An Unexpected Erasure

This morning I wrote a log entry about running on the river road path during the rain. The tone of the entry was reverent and joyful as I reflected on the beauty of one of my favorite places by the river. Going back to examine the words and create an erasure poem, I was surprised to find myself crafting a dark account of discovering a dead body.

When I write these poems, I slowly read through my prose, waiting for words and phrases to appear to me. A few days ago, I found myself seeing “eat crow” in the words threat and crowded. Yesterday, I had a fixation on critters: crow, eel, ant, ass (as in donkey), roach. I don’t think too much about the words and phrases I see, I just use them to create new poems.

After my initial surprise and reservations about creating such a dark poem, I realized that the¬†words were revealing a truth about the river road path and the Mississippi River Gorge Regional Park that resides below: I’m a bit scared of it and what might lurk in those woods. Coyotes, foxes, feral dogs, drunk or deranged humans. Nothing bad has ever happened to me in or near the gorge, but I’m cautious and I’ve read, or heard, too many accounts of women runners being sexually assaulted or attacked by wild animals to not feel uneasy when I run on the parts of the path that diverge from the biking path and the road. It’s fascinating to see how my uneasiness appeared in the log entry without me expecting it.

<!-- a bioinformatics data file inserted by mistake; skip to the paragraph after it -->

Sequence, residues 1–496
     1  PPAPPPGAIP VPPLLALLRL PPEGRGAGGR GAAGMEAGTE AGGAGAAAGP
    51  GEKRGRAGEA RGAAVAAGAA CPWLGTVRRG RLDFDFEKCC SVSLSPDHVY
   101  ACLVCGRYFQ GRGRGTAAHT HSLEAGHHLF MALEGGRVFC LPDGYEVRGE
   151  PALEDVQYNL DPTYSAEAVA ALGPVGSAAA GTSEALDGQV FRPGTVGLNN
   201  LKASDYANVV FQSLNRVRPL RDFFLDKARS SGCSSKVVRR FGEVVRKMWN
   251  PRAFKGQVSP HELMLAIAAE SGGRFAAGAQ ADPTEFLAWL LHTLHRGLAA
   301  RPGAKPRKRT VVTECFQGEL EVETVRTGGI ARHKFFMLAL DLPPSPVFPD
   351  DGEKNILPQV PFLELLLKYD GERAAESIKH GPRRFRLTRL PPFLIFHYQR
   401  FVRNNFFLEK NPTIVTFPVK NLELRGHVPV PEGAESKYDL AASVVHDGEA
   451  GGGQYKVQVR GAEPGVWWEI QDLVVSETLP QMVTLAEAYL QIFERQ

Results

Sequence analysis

To read the erasure poem within the entry, click here.

A Dark Discovery

the thing was still wet, dripping
my mind running
I notice it
too far down to see all of it
I walk close
first I notice the ears
later, the laces
swirled around a face